And read some awesome fiction while doing it.

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Finnish Cussing

I’ve been picking up a bit of Finnish, here and there.  Working on Helsinki in 2017 doesn’t require learning Finnish (and nor would attending the con, should we win).  It’s just really amusing.  Particularly when taught by Eemeli & Saija’s small children, Lumi and Papu.

How to Swear in Finnish (As Taught By Small Children):

 

Previous videos of Finnish phrases useful for fans can be found at:

and

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Readercon 25, Meet the Pros(e)

It’s not the most essential thing I’ve been writing a post about, but I wanted to follow up on a request from this year’s Readercon.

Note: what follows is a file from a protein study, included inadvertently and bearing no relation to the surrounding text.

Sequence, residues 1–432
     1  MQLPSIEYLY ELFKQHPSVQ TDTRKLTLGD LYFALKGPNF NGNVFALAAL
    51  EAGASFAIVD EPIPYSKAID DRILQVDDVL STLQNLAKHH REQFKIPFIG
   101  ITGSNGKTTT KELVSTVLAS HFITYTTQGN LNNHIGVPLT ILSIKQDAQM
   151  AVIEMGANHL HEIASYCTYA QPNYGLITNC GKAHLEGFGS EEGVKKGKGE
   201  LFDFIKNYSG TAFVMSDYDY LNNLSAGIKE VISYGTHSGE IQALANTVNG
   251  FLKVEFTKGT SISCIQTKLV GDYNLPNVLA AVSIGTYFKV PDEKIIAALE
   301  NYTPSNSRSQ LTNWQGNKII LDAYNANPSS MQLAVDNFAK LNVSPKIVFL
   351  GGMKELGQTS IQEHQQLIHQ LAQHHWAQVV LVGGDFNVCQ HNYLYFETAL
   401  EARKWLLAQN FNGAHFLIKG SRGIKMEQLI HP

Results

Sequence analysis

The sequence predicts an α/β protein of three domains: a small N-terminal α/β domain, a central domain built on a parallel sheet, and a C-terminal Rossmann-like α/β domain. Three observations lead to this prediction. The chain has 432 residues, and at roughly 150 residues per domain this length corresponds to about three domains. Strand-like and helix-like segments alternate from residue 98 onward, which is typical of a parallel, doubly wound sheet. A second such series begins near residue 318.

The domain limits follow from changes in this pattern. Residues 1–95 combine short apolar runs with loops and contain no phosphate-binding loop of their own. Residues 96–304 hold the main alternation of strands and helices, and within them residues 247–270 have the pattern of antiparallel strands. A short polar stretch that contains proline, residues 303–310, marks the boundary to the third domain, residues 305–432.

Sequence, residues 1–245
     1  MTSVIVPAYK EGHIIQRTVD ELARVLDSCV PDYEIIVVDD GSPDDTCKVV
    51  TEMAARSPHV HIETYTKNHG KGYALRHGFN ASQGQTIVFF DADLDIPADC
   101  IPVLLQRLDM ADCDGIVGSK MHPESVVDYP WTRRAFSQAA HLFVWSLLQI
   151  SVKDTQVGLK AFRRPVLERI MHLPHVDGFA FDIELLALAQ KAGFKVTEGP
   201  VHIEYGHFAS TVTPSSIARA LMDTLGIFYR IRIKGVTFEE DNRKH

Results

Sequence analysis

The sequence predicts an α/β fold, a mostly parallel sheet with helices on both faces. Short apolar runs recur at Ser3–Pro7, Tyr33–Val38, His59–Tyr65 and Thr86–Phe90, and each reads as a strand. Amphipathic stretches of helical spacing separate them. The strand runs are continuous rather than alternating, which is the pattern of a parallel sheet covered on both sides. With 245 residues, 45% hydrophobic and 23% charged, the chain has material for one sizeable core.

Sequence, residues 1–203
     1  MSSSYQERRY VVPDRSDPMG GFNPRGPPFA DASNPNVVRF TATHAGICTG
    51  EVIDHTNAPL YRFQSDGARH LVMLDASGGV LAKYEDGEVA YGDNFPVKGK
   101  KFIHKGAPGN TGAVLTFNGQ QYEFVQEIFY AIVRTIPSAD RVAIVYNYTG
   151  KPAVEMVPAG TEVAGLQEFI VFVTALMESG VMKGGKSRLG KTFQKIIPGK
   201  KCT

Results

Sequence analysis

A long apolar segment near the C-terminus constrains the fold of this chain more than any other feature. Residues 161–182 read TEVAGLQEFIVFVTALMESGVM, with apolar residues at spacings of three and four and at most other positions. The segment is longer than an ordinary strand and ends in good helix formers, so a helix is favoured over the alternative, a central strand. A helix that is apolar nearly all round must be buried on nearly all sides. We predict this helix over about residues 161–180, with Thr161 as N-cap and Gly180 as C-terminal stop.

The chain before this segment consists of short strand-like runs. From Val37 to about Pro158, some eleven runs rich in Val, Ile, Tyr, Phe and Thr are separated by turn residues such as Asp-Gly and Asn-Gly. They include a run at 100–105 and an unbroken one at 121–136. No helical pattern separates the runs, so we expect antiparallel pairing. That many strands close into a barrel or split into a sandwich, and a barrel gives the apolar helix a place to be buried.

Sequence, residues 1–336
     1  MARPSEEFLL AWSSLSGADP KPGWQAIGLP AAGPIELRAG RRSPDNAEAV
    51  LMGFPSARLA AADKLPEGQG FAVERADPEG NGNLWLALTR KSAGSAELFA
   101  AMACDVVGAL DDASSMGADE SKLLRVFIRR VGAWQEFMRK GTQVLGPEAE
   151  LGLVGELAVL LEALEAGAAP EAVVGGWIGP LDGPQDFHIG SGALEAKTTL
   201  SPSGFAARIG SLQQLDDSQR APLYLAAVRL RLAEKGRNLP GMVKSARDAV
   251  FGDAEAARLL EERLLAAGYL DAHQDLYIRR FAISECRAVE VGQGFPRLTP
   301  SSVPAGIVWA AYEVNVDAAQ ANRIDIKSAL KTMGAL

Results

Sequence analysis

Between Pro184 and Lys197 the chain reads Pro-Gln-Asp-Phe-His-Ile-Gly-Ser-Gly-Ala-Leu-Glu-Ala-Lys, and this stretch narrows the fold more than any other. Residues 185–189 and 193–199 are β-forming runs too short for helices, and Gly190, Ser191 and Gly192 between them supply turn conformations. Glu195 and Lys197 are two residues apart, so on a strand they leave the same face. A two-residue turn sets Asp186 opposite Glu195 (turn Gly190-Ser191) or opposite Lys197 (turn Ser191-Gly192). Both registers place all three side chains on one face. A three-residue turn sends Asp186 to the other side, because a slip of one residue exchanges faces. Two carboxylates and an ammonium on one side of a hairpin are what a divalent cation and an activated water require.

Every year for the past several, at least, Readercon has had an event called “Meet the Pros(e)” on Saturday night of the convention. The program participants are given stickers with quotes from their work (which they’ve previously selected for this purpose) and encouraged to pass them out to fans and pros alike at a meet-and-greet type of setting.  I’ve collected my stickers for the past couple of years, but this year, I was asked if I could post them online somewhere with the attributions.  Sometimes, uh, many of us don’t remember whose words are which after the convention is over.  😉

So here are my pics from my notebook, presented for your perusal.  Enjoy!

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Frozen Confession

The post I wrote on how Worldcon voting works was long overdue, but what really made me get off my butt and finish it was when I realized I was trying to filk an explanation to “Do You Want to Build a Snowman?” from Frozen. Srsly.

Do you want to vote on Worldcon?
Site selection is your goal?
We are here to help you cast your vote!
And we don’t mean to gloat,
But now we’re on a roll!

We encourage all of fandom
To help decide
Where our con will be!
Do you want to vote on Worldcon?
(Oh, don’t you want to vote on Worldcon?)